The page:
KNOXVILLE, Tenn. (WATE) — The Young-Williams Animal Center Village is temporarily closed after veterinary staff discovered three dogs had distemper, according to a social media post by the animal center.

Young-Williams said the location at 6400 Kingston Pike will be closed through Tuesday, September 12, as they test and quarantine animals as needed and conduct comprehensive cleaning.

“Thank you for your understanding and patience as we prioritize the health of our animals and take precautions to protect them,” Young-Williams said.

Spay and neuter appointments at the Village, which are located in a separate part of the building, will continue, Young-Williams said.

The Young-Williams Animal Center main shelter location at 3201 Division Street will remain open for pet adoptions and other services.

The animal center wrote that they will continue to share information about the planned reopening for the Village on Facebook. They also urged pet owners to make sure their pets are up to date on their vaccines, as vaccines are the best way to help keep pets healthy and stop the spread of contagious diseases, like distemper.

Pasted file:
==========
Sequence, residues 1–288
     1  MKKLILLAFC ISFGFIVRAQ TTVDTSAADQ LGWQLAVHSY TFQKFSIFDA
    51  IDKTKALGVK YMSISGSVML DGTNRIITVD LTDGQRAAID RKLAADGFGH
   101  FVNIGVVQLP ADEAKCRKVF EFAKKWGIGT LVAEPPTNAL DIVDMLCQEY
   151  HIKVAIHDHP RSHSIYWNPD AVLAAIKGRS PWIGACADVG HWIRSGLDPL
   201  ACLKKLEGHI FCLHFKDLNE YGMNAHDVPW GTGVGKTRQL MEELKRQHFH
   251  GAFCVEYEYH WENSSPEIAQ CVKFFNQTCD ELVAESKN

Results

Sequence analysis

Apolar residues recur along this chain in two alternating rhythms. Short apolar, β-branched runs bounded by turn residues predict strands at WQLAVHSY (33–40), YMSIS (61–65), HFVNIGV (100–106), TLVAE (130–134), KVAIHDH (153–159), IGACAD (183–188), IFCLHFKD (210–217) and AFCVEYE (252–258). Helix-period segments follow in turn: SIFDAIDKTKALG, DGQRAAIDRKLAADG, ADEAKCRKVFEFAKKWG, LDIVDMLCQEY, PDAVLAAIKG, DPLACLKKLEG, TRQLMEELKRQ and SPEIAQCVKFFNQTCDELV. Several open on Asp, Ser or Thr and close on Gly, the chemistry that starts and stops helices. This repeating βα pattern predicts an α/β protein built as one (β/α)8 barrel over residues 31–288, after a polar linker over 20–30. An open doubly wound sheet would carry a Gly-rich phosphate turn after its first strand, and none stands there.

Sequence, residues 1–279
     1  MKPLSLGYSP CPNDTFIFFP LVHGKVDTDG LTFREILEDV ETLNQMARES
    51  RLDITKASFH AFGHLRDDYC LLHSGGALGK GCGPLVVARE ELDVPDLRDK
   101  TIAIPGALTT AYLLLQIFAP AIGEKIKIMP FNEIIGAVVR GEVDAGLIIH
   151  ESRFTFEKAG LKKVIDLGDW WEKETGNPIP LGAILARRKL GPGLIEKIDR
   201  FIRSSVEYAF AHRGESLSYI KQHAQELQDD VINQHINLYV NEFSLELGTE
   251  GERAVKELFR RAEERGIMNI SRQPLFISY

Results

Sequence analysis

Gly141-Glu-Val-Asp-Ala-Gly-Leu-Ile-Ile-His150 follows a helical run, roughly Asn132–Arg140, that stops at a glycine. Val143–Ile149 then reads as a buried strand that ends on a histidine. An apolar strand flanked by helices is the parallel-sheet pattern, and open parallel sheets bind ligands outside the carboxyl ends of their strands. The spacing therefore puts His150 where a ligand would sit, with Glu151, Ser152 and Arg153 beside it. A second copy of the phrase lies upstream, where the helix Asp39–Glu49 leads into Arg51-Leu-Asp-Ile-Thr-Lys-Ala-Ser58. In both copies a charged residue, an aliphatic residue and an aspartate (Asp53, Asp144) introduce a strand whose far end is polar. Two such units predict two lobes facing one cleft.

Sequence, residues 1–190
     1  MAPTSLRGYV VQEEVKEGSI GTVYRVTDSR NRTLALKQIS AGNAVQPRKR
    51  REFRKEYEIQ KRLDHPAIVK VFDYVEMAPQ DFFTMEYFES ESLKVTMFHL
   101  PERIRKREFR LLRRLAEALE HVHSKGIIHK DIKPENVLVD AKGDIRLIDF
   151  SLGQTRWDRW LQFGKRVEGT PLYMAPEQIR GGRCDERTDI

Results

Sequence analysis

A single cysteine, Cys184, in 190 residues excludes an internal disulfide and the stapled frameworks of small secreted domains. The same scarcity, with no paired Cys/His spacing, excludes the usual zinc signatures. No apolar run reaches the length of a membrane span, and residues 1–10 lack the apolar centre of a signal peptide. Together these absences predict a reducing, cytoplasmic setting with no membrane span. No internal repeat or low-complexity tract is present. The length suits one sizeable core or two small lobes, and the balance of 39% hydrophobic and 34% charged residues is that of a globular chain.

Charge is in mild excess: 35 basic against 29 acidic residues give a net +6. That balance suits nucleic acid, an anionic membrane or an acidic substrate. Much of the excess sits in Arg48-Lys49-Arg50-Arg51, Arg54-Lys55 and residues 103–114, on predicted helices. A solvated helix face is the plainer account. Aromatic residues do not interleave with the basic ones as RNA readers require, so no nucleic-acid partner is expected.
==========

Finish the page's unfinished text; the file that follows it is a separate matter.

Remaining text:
Canine distemper virus is a highly contagious and potentially fatal virus for dogs and other carnivores, like ferrets, raccoons, skunks, and foxes, that is transmitted through droplets, according to the Cornell University College of Veterinary Medicine.

The most common signs of a distemper infection in dogs are fever eye, nose discharge, coughing, lethargy, vomiting, diarrhea, lack of appetite, and thickening or crusting on the nose and paw pads. In more severe cases, Cornell said neurological signs can also be seen, like stumbling or uncoordinated gait, muscle twitches, seizures, and paralysis.

Young-Williams said if your pet has symptoms of distemper or another disease, you should call your veterinarian’s office.

Dogs should receive three distemper vaccines, which are included in DHPP vaccines, between 6- and 18 weeks old, and then another DHPP vaccine at 12- to 16-months-old according to the American Kennel Club. Some sources, such as WebMD, also suggest boosters at least every three years after that.

Editor’s note: This story has been updated